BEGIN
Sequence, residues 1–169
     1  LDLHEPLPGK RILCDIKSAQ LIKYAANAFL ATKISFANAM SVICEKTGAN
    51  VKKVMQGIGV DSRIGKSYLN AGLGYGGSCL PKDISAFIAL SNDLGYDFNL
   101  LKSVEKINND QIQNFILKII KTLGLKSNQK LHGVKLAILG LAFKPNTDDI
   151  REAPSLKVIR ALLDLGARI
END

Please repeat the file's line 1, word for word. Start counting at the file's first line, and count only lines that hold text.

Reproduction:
Sequence, residues 1–169